We Need "Repent"

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When the apostles were sent out to preach by their Rabbi, what did they preach? What was the content of their message? 

The Weighty Title ‘Apostle’

Before the answer, the question gains weight by considering what Jesus meant by using the term “apostle.” It all started when “he went up on the mountain and called to him those whom he desired.” He chose twelve men he wanted, and he then called them “apostles” (Mark 3:13-14). Why?

The Greek word apostolosis nothing too fancy in itself. It simply means “one who is sent.” But when it is used by Jesus, there is weight. Importance abounds, but not in the word, neither in the men; but in the Sender. The Son who gets the “well-pleased” vindication from the Voice above, the Holy One whom these demons seem to know, the Hand which does miracles, the alleged Son of Man, is sending these men.

Being sent by him—being apostles of Christ­—they represented him. They spoke in his name. More than they knew at the time, it meant they were ambassadors of God the King Jesus. This is why Jesus sends them out. “These twelve Jesus sent out” (Matthew 10:5).

What then did these ‘sent ones’—sent by the Sender himself—preach? It can be, and biblically is, summed up in one word: repent.

The Proclamation to Repent

Mark 6:12 makes it plain: “So they went out and proclaimed that people should repent.” These are the men sent from this God-man who is full of compassion. These are the men of the authoritative, amazing teacher. These are men sent from the incarnate God of Love. And what do they preach? “They preached that people should repent” (Mark 6:12, NIV). With people most likely flocking to them since they knew that these men were with the famous Rabbi, these men tell people to turn. That’s their message. “Turn, turn, turn!”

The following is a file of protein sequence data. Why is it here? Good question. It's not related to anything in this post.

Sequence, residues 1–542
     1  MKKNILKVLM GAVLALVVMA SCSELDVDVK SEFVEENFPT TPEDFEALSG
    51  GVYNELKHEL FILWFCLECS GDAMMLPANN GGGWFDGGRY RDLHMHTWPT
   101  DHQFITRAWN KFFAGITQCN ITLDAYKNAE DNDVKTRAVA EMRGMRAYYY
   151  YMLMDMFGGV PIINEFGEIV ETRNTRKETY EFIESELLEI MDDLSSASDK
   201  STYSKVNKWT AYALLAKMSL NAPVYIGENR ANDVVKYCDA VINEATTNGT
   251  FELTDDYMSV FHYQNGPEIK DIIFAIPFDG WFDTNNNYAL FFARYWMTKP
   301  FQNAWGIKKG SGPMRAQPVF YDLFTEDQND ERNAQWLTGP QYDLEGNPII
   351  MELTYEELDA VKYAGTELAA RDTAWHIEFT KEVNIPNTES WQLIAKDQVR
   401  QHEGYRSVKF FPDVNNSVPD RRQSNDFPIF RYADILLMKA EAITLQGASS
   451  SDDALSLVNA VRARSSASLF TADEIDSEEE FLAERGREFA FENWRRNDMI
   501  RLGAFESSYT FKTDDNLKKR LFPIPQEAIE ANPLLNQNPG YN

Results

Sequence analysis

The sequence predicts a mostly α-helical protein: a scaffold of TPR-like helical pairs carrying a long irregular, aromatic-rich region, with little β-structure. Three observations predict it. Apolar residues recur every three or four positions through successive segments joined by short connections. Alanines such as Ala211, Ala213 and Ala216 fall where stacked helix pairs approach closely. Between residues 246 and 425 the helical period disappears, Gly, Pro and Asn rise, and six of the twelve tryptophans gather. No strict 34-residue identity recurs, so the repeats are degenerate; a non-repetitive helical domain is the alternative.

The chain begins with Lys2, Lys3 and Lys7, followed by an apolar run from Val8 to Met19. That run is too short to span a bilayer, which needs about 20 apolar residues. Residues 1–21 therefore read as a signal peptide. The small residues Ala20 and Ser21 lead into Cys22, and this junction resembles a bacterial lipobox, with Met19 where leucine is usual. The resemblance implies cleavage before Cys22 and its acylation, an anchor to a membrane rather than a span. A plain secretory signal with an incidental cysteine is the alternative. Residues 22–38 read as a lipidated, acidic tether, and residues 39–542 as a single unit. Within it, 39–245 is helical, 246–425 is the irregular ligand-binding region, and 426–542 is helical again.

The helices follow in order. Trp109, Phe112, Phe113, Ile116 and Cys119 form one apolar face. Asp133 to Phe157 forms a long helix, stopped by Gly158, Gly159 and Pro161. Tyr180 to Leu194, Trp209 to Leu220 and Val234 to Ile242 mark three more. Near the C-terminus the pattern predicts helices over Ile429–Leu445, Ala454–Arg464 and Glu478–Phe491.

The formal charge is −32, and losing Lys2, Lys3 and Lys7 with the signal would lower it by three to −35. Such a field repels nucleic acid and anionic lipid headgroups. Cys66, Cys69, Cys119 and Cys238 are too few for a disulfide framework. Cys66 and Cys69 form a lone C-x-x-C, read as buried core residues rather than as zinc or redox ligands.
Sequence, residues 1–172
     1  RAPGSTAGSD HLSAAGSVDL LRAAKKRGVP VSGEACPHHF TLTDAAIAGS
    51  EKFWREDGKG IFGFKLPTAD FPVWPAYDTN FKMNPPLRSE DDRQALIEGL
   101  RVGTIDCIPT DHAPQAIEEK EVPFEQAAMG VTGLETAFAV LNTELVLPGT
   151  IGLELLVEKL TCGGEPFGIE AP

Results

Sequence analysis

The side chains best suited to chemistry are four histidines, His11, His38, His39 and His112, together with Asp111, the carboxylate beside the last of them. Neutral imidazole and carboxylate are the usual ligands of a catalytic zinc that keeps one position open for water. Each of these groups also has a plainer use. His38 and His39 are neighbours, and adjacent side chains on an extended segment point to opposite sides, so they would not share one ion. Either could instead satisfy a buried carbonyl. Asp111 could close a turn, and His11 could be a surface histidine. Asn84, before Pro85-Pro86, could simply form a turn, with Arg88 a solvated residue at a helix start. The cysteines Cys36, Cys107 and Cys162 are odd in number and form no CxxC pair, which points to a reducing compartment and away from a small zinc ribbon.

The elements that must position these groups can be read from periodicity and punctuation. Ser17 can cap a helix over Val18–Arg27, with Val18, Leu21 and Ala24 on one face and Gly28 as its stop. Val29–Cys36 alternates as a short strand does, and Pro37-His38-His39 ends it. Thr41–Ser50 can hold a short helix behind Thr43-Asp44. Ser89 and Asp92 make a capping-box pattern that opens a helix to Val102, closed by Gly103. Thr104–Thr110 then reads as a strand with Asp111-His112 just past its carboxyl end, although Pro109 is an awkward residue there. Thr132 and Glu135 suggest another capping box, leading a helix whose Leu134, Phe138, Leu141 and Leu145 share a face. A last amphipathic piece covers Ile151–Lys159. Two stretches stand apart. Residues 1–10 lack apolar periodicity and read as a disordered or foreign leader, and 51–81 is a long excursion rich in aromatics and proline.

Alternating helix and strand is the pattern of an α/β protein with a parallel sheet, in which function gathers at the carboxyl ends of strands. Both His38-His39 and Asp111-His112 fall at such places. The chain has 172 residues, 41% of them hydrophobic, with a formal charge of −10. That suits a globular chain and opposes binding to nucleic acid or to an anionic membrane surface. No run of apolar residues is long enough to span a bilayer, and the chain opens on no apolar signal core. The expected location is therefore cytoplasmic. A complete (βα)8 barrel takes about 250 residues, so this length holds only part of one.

It’s a message they got from their Master himself. As apostolos, it couldn’t be any other way. Jesus’ message: “Repent and believe in the gospel.” Their message was the same.

There’s Many Other Options! 

I was struck by this. God is walking around—finally. This is the fulfilment of the entire Old Testament. The Gospel writers labor to show that passage after passage after passage were always pointing to this time of the Messiah; a time now come. He’s here. He’s talking. He’s proclaiming something. Now he has men purposed to do the same. And the message? Repent.

Oh how many options there were for main message themes! They could’ve proclaimed forgiveness as the main theme. They could’ve emphasized the compassion of God in his coming. They could’ve focused on God’s faithfulness in the coming New Covenant. The list could go on. (And to be clear: These things are mentioned much in the New Testament, but it isn’t the main theme of God’s apostles as they go and proclaim. Repentance is.) 

So why this focus?

What This One Verb Includes

This one imperative verb was the main command, and it communicated so much. It did so then, it does so today as well. Essentially, as stated above, the verb means “to turn” or “to change.” The command is to turn, to change. But what does that even mean? Here’s where the word communicates much.

First, the word implies the reality of personal sin and wrong doing. Specifically, using the imagery of turning, if we must turnthen we must be going the wrong way. So not only wrongdoing, but wrong-walking, wrong-living, wrong-being is involved. The command, then, implies: turn from that wrongness.

Second, the verb shows that if we don’t turn from this wrongness, then we’re not right. Specifically, we’re not right with the living God. His holiness, therefore, is also implied. The necessity to turn is rooted in our missing of the mark, with his holiness being the mark. But turn to what?

Third, the word reveals the reality of something different, better, healing to turn to. If this wasn’t the case, the word would have no meaning. Herein lies the verb itself. Here’s the commanded action: turn to something better. Which is why the word doesn’t just stop there.